Says Jerde, "They were trying to be rational, by separating everything into component parts. This went here, that went there, and they never mixed. It was very boring."
In Jerde's opinion, the popularity of the entertainment center goes part and parcel with the revival of the nation's downtowns. Indeed, all but three projects on Ecklein's list are urban. Riverwalk, Faneuil Hall and Horton Plaza were in fact part of a strategy to lure people back to the city center.
According to Green, Faneuil originally was not targeted to tourists but to local residents. "We assumed some tourists would come, but we didn't see them as a major factor," he says.
In fact, they came in droves, a sign, he believes, of the lingering desire for aspects of city living not available in the suburbs -- or for that matter in most of the nation's cities.
"There's a sense of connectedness that people respond to, even if they don't always know it's been missing from their lives," Green remarks. He notes that Faneuil Hall is within walking distance of many different worlds: from the Italian shops and restaurants of Boston's North End to the modern high-rises of the city's financial industry, from the department stores of Washington Street to the quaint shops and cobbled streets of Beacon Hill, from the Charles River Park and Boston Harbor to the Massachusetts State House.
Even today, the architects point out, suburban centers tend to segregate entertainment elements in one corner of the mall, in the pattern of Mall of America and West Edmonton Mall.
What this does, says Helen Bulwick, a retail analyst with San Francisco-based Andersen Consultants, is allow the entertainment area to remain open later than the stores without retailers having to worry about vandalism or break-ins.
While there is probably more risk of these kinds of activities in an urban setting, streetfront stores have always faced the problem because there is no way to lock up city streets. Furthermore, the presence of late-evening entertainment actually becomes a deterrent to downtown property crimes because of the number of potential witnesses.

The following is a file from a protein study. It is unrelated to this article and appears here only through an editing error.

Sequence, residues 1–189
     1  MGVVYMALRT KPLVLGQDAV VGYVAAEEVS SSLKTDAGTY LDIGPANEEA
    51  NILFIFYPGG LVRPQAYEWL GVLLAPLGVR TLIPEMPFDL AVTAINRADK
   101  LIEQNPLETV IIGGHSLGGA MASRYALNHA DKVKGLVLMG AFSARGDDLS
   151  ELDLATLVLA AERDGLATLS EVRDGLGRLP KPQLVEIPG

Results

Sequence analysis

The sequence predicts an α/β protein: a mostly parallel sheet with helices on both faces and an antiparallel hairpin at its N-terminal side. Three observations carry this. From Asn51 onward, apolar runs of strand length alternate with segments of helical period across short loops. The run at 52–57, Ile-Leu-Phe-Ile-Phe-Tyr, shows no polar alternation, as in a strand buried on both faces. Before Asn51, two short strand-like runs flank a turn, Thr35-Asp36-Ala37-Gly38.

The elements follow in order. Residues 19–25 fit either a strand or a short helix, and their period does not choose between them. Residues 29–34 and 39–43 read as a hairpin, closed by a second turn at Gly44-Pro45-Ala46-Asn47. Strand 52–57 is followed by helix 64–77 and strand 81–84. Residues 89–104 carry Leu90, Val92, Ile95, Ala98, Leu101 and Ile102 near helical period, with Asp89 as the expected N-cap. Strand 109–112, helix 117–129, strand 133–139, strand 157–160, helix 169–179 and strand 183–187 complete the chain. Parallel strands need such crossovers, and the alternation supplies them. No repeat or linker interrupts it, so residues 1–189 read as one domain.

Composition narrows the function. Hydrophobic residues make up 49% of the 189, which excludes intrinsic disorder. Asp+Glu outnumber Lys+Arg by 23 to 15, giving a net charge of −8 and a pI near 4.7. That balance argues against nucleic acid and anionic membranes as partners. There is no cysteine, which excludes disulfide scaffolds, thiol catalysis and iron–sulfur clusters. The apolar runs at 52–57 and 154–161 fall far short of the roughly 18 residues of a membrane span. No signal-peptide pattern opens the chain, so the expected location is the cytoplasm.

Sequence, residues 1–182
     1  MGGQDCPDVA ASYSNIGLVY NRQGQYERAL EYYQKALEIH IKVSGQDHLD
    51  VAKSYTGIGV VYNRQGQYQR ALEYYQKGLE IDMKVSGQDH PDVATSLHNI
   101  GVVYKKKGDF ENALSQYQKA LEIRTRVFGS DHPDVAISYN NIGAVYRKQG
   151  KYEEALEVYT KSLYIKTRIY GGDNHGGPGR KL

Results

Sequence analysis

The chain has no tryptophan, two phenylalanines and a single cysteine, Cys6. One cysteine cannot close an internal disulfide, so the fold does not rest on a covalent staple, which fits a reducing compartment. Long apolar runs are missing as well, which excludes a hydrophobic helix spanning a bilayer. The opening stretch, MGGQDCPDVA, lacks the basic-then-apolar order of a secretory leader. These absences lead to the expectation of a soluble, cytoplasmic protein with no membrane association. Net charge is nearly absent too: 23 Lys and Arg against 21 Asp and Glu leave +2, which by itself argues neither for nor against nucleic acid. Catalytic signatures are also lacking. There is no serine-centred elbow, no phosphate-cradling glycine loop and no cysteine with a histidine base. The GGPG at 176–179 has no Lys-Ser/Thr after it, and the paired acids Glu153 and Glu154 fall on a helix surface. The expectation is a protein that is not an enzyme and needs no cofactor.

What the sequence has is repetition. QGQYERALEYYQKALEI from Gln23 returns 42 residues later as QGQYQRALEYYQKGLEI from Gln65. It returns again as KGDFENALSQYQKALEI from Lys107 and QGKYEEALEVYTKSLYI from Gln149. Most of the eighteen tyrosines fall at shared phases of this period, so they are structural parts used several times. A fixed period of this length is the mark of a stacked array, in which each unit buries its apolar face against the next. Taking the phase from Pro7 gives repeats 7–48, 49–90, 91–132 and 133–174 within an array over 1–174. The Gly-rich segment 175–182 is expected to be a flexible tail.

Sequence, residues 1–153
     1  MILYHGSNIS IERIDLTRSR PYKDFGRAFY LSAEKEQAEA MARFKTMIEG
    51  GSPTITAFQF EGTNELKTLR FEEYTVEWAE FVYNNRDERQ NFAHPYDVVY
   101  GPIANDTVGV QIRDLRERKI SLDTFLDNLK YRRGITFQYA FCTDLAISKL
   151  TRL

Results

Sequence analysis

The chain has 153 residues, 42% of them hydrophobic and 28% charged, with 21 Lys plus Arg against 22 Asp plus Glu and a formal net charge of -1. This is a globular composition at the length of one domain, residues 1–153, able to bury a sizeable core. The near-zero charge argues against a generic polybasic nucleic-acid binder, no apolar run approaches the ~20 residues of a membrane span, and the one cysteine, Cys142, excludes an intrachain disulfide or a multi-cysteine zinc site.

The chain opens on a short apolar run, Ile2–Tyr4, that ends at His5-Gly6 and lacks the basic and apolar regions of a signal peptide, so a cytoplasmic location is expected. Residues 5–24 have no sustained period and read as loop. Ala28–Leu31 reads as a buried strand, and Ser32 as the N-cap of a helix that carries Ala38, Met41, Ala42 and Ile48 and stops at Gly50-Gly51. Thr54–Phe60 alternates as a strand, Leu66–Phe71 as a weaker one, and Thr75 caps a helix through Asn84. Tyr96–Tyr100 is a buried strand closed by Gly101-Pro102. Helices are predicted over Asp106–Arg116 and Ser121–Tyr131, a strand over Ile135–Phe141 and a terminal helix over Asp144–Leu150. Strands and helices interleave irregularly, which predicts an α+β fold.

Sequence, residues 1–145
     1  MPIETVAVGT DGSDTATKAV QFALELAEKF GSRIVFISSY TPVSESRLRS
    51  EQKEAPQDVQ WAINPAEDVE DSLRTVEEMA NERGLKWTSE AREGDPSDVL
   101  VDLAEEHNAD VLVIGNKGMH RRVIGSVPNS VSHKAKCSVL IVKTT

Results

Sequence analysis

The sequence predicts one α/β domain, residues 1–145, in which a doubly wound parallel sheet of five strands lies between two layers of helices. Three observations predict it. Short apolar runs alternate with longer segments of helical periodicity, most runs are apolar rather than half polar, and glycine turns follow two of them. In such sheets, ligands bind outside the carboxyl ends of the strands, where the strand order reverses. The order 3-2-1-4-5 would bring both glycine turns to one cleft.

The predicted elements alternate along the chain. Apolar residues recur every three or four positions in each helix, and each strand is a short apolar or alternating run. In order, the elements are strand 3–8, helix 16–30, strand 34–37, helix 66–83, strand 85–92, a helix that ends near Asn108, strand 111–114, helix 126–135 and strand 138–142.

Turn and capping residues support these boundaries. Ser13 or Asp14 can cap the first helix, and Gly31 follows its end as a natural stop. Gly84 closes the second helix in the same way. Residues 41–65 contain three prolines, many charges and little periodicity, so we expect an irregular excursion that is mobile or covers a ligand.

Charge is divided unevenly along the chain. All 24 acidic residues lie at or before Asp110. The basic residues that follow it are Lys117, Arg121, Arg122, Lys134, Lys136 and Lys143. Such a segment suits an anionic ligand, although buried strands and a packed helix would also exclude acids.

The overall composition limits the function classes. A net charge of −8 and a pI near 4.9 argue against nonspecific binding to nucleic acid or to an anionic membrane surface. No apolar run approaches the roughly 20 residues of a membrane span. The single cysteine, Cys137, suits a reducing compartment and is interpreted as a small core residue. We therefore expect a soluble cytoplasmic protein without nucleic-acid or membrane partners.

Another factor that contributes to the rise of the entertainment center, says Bulwick, is the harried pace of modern life. People, including women, no longer have leisure time for shopping.
"In the early '80s, the average time spent in a mall was three hours," she says. "Now it's about half an hour. People want to take advantage of every spare minute they can find, and shopping is not high on the list of pastimes, especially if you want to spend time with your family. But once you put in cafes, bookstores, a movie theater, games and so on, people start to see that they can have fun and shop at the same time."
Entertainment centers also provide activities for teenagers. "These centers provide places to congregate in a really cool environment," Bulwick says. "And parents don't have to worry so much because the kids are fairly well monitored."
Ecklein sees other factors at work as well. "The real crux is that the consumer has entered the experience economy," he says. "Consumers are looking for more than just the goods."
With the inevitable growth of Internet sales, shopping, especially for essentials, will take even less time and leave people more time for fun. As Ecklein puts it, "It's going to create more time for people to go out and participate in their community."
Bulwick argues that the entertainment market is nowhere near saturation, mostly because people's desire for fun and involvement is never-ending and the possible ways to have fun are infinite.
Jerde predicts that the integration of sports and retail might be the next big wave. "My firm is very involved with taking facilities complexes and wrapping them with entertainment complexes," he says.
However the entertainment-retail concept evolves, Jerde regards it as much more than a purely economic development.
"The story of retail development for the past 20 years has been people trying to weave things back together into a coherent whole and revive the sense of community," he says. "I'm absolutely confident we can transform everything we've got in America into successful human enclaves. Retail is in the forefront of that."